# Assessing the reliability of a repeated measures (within group) continuous variable

Hi Folks,

I have a 10 item construct with each item measures on a 7 point Lickert scale. The construct is measured at two points in time - a repeated measure. I can run a Cronbach alpha for each seperately and I can combine the variables and run an alpha for the combination but there is dependence here so these aren't correct approaches - so how do I assess the reliability of a repeated measures construct like this?

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ProfessorCommented:
Well remember, you're never assessing the reliability of a construct - just the reliability of a scale for a particular administration.  I think the problem you're having is that you're trying to come up with a single reliability estimate for your scale, and this is not necessary.  You can (and should) simply compute and report alpha at each time point.

Of course, you should keep in mind the kind of information that alpha gives you at each time point - you are only assessing internal consistency reliability (and not from other perspectives).  For further information, I suggest:

Cortina, J. M. (1993). What is coefficient alpha? An examination of theory and applications. Journal of Applied Psychology, 78(1), 98-104.
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Author Commented:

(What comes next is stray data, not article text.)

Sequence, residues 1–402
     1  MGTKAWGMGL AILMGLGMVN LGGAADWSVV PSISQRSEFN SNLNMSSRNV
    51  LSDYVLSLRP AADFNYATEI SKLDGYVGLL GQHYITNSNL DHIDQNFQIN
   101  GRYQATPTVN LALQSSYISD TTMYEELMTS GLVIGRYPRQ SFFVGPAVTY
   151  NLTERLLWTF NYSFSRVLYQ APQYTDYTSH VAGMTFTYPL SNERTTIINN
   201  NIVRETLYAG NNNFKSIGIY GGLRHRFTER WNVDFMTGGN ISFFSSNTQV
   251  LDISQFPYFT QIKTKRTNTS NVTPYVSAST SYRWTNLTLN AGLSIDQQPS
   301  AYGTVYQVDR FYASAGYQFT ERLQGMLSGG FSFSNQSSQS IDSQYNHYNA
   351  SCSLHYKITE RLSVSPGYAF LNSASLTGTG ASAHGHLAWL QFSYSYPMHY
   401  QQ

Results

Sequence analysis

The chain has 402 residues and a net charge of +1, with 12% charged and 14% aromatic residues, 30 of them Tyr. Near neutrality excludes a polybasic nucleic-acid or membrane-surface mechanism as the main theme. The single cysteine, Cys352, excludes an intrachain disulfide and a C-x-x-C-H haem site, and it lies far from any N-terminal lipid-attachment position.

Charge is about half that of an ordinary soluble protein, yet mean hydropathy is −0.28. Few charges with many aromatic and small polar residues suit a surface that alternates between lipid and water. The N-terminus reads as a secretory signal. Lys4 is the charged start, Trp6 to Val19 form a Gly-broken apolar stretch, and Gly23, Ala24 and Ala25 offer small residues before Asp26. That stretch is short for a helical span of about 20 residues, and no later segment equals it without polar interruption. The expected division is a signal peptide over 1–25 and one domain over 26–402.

The scale is the same, implemented twice - a single reliability estimate seems logical. Is there a valid way of assessing the reliability of the scale taking into account that it is a repeated measure?

Otherwise, I guess the first instance is the only valid one for reliability analysis.
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ProfessorCommented:
That is not an appropriate way to think of reliability - I strongly recommend reading that article.  Reliability is specific to the administration, not to the scale.  A particular measure does not have a specific reliability associated with it, just a typical range of observed reliabilities.

You are computing internal consistency reliability with alpha.  That method of assessing reliability ignores temporal instability, so it is inappropriate to use it over multiple time points.

If you're trying to assess reliability over time, you are no longer concerned with internal consistency - you are interested in assessing both stability and equivalence.  In which case, alpha isn't appropriate in the first place.

Regardless of this, reliability is assessed in a similar metric as most types of correlation.  If you REALLY wish to combine the two estimates (and again, this is mathematically possible but probably not logically sound), you would just need to take the square root of the mean square reliability estimates.
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Author Commented:
In this situation the solution is to report the reliability of the first instance only because there is dependence for the second.
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Author Commented:
In this situation the solution is to report the reliability of the first instance only because there is dependence for the second.
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ProfessorCommented:
That depends on the specifics of what you're doing.  I'd strongly recommend giving more information about your measurement model the next time you post a question on this topic.

In many models, a researcher needs to model that dependence as part of their reliability estimate.  Using only the first instance in those cases is incorrect.
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